Fred, Daphne, Velma, Shaggy and Scooby-Doo travel from town to town in their van, The Mystery Machine, solving cases of hauntings, monsters and unexplained occurrences. Joining the gang is ... See full summary »
The Hanna-Barbera-created Oscar-winning cat-and-mouse team of Tom & Jerry returned to TV in an hour-long stretch of new adventures. Here, T&J, after years of rivalry, have become the best ... See full summary »
The desert in the U.S. southwest is the natural habitat of the Road Runner, a high-octane, cartoon bird who runs so fast on the desert's roadways that he leaves a trail of flame or causes ... See full summary »
The Pink Panther is a heroic, moral cartoon cat with pink fur and the manners of an English aristocrat. He only becomes flustered or angry at obtuse or offensive humans who try to disrupt ... See full summary »
Popular animated series featuring Scooby-Doo, a Great Dane who joins four California high school students (Fred, Daphne, Velma and Shaggy) on many quests to solve strange mysteries. Each mystery is current and unusual and involves the group stopping someone from wreaking certain havoc on the world. The gang were always driving in the Mystery Machine, returning from or going to a regular teenage function, when their van develops engine trouble or breaks down for a variety of reasons. Their (unintended) destination turns out to be suffering a monster problem, and the gang volunteers to investigate the case. Eventually, enough clues are found to convince the gang that the ghost or monster was a villain. Invariably, the ghost or monster was apprehended and revealed to be an apparently blameless authority figure or otherwise innocuous local who uses the disguise to cover up a crime or scam. After proclaiming "And I would have gotten away with it too, if it weren't for you meddling kids!", ...Written by
Dr. Steven Long, associate professor in Speech Pathology and Audiology at Marquette University, was asked to identify Scooby-Doo's speech impediment were it real. Scooby (voiced by Don Messick ) does not so much mangle words as add letters or replace letters, usually an R in front of a beginning-vowel, or one for another consonant. Dr. Long calls this process "rhoticization", and diagnosed Scooby with the previously-unknown disorder of "Rhotic Replacement". See more »
The re-run prints that first aired on CBS in 1971 feature standardized opening title music for all first season episodes. A number of the first season episodes feature alternate opening (and/or closing) theme music (see trivia). Excepting prints aired on cable between between 1990 and 1998 (which were time-compressed copies of the original broadcast prints, all but the first two missing their laugh tracks), all re-runs of this show use the 1971 prints. See more »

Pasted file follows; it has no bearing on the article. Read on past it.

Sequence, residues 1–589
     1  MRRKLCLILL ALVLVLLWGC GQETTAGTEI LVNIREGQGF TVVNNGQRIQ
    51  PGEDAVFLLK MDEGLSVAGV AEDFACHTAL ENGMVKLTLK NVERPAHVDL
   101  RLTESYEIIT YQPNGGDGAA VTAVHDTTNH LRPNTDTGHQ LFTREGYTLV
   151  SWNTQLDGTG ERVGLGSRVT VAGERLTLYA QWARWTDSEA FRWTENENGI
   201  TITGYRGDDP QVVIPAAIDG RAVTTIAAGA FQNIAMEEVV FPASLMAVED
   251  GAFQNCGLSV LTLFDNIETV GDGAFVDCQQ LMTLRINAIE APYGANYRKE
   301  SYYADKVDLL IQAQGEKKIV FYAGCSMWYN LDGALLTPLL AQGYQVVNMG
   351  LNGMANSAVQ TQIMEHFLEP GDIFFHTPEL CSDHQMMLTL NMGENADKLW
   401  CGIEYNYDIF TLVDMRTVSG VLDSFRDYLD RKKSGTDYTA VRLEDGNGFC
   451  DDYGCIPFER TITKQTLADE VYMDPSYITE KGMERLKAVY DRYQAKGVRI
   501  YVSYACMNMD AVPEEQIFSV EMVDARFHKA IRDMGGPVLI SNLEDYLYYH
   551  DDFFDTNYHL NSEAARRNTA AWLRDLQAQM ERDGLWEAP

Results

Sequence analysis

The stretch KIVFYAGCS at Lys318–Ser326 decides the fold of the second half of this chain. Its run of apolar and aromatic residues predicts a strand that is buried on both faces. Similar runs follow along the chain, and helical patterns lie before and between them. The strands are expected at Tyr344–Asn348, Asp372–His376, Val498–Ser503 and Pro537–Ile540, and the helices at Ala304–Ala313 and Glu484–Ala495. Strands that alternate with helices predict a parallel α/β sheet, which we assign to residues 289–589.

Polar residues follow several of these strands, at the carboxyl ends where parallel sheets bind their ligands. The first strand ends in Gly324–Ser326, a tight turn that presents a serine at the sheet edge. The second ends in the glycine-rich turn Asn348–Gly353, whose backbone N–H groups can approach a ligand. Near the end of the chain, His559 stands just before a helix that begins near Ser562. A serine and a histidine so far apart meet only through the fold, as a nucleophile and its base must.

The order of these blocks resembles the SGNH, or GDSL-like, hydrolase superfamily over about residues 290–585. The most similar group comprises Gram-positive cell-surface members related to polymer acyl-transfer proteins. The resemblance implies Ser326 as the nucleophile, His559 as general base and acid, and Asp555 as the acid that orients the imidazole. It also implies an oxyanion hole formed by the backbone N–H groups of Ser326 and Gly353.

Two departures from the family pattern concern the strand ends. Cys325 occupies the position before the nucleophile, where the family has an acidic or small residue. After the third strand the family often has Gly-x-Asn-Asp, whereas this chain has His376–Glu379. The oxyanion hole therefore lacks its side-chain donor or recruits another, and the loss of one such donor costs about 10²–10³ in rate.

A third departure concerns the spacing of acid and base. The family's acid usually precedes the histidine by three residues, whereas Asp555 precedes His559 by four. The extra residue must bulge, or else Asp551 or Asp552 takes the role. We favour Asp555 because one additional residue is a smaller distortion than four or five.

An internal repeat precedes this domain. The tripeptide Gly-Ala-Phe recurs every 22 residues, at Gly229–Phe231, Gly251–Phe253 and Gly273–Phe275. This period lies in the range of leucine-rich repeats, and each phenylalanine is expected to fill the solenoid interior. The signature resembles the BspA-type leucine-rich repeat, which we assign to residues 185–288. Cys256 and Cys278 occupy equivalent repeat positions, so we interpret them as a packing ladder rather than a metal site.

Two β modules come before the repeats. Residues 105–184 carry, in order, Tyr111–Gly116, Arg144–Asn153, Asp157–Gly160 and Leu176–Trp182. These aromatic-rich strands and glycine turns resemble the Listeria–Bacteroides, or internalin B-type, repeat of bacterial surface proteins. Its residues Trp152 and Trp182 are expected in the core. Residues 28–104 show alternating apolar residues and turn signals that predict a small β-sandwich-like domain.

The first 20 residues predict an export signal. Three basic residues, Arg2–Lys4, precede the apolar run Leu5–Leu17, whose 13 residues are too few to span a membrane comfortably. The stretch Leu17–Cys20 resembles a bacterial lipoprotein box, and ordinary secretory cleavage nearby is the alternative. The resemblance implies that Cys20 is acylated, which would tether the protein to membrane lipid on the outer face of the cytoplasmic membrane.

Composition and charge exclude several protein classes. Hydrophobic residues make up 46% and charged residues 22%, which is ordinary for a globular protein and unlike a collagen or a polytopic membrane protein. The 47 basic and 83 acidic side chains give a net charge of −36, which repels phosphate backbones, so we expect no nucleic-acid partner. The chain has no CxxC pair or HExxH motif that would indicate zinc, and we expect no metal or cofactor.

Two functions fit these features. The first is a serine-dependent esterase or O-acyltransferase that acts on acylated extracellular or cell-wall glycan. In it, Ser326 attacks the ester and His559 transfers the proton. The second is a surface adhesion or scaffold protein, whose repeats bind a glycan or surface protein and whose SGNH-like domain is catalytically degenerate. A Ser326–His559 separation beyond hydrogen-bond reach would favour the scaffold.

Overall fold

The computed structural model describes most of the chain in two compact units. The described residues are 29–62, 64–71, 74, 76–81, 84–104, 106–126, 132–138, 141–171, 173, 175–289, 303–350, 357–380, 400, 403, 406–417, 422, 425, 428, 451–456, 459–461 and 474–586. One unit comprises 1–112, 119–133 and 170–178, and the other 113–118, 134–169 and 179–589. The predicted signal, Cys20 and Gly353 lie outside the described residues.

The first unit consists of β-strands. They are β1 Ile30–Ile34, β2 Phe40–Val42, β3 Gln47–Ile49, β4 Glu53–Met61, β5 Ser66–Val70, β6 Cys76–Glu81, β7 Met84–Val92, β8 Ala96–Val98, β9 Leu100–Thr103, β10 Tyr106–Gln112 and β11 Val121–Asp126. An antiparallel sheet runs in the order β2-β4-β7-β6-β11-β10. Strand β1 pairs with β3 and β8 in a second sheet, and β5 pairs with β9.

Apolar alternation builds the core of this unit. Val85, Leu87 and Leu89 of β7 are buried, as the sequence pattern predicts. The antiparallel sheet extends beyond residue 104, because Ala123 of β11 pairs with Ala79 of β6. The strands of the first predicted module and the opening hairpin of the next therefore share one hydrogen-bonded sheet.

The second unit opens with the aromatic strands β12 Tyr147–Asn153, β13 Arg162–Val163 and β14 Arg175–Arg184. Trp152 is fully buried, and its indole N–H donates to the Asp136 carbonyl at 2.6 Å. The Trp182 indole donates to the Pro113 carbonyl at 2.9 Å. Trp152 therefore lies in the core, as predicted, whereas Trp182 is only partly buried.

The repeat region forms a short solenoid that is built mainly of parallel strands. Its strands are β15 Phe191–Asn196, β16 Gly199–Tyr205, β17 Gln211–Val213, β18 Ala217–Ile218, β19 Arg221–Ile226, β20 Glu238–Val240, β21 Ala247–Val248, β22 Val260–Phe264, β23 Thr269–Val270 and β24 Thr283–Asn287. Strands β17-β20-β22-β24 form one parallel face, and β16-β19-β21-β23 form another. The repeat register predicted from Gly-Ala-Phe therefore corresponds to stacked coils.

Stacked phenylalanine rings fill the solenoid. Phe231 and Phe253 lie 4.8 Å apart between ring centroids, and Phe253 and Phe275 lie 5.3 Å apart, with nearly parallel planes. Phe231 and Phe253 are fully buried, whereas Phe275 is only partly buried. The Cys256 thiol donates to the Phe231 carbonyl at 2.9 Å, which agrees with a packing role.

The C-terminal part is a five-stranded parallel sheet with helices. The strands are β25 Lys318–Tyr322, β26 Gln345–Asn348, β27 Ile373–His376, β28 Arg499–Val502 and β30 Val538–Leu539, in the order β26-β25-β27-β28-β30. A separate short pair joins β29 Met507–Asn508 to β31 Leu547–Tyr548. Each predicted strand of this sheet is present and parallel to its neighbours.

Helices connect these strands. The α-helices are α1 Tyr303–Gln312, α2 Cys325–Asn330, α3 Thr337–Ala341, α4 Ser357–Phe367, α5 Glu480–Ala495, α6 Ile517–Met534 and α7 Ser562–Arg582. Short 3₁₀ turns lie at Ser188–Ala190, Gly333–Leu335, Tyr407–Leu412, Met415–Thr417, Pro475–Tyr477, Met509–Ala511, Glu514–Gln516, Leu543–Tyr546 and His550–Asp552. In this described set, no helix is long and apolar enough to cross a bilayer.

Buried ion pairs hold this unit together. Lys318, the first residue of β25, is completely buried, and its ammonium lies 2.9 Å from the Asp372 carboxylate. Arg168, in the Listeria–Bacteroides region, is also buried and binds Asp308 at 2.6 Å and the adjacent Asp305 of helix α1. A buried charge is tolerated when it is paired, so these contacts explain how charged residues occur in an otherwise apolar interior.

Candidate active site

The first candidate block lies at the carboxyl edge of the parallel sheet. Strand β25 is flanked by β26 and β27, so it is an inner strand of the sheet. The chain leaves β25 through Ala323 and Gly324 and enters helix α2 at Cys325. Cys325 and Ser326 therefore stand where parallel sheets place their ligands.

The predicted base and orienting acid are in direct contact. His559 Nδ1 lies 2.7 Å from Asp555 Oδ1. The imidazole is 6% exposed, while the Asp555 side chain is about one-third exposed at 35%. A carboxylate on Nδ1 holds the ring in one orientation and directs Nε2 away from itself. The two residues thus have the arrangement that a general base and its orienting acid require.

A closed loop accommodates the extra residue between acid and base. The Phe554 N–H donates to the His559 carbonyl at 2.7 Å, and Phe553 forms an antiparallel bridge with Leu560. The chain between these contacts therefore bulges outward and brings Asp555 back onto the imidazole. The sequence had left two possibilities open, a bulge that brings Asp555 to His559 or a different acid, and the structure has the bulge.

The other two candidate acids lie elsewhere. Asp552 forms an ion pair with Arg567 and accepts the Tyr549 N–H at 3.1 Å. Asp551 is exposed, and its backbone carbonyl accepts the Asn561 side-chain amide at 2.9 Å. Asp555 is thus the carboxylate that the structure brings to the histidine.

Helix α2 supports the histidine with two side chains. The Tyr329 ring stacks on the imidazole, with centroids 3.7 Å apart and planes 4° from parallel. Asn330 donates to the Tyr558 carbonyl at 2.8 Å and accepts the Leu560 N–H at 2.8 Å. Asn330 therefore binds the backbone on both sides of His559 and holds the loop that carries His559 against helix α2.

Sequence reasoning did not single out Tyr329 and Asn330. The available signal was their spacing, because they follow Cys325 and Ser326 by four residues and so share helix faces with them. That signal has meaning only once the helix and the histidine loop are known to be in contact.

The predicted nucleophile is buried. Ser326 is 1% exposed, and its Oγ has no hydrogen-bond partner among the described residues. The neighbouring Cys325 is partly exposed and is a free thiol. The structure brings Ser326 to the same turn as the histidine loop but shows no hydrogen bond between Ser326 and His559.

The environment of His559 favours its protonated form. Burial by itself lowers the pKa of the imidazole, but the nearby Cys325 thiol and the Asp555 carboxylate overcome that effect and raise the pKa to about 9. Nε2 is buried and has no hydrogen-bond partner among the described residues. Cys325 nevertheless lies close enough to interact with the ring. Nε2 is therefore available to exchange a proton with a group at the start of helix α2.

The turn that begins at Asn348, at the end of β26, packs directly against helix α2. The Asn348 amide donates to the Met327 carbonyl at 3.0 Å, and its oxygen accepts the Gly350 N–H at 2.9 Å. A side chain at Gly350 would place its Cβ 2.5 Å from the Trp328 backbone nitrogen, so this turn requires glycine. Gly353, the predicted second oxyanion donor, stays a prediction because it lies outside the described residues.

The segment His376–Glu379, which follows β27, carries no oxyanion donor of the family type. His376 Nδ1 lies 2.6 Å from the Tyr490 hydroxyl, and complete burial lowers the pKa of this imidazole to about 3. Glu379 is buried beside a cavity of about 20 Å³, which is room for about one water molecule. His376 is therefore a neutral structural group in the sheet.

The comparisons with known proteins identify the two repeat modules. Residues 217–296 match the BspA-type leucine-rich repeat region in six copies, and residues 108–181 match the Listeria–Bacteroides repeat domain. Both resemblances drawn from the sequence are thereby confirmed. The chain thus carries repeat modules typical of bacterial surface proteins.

"Scooby Doo" was one weird little cartoon in its day, but a great cartoon all the same. Part of what made it so good was the genuinely surreal feeling of every episode. We have 4 hippie kids and their dog, totally into the 60's culture, and yet none of their surroundings resemble anything like planet Earth. Instead, they drive their groovy van into creepy landscapes consisting of green fog and dark, menacing forests. On the rare occasion when they would leave the Valley of Death and go to an actual city, they would be surrounded by abandoned warehouses and empty construction sites. Take all of this and add that spooky xylophone music, and you have one hell of an atmosphere.
The creepy Gothic settings, however, were off-put by the total cheerfulness and optimism of these kids. Fred especially was disturbingly happy ("Good job, gang!"). It is also strange that reasonably smart and well-adjusted kids like Fred, Daphne, and Velma would choose to hang out with some goofy stoner who talked to his dog (ever notice how he's the only one who can actually HEAR Scooby?). The obvious implication is that he supplied them with "Scooby snacks," but they don't seem to be as tripped out on the evil weed as Shaggy. Then again, maybe that's why they were so happy about everything. Maybe all the weird atmospheres and monsters were just hallucinations. Maybe it was all a fever dream. Who can tell? As for these theories that Fred and Velma were gay... who knows? Maybe they were, maybe they weren't. Whatever the case may be, it all boils down to 4 kids and a dog driving around aimlessly, and occasionally catching people dressed in monster suits. Weird, weird stuff, but still wildly entertaining. It is a classic cartoon that should be remembered for its weirdness.
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